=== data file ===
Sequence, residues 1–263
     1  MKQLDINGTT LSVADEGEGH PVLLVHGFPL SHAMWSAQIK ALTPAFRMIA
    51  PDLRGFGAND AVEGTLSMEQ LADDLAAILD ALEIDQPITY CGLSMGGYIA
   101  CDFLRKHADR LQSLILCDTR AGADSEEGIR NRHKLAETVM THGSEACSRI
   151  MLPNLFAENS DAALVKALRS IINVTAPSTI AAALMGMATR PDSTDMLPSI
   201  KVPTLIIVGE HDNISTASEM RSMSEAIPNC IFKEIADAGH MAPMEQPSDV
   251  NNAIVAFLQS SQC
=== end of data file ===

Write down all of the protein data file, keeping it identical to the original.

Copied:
Sequence, residues 1–263
     1  MKQLDINGTT LSVADEGEGH PVLLVHGFPL SHAMWSAQIK ALTPAFRMIA
    51  PDLRGFGAND AVEGTLSMEQ LADDLAAILD ALEIDQPITY CGLSMGGYIA
   101  CDFLRKHADR LQSLILCDTR AGADSEEGIR NRHKLAETVM THGSEACSRI
   151  MLPNLFAENS DAALVKALRS IINVTAPSTI AAALMGMATR PDSTDMLPSI
   201  KVPTLIIVGE HDNISTASEM RSMSEAIPNC IFKEIADAGH MAPMEQPSDV
   251  NNAIVAFLQS SQC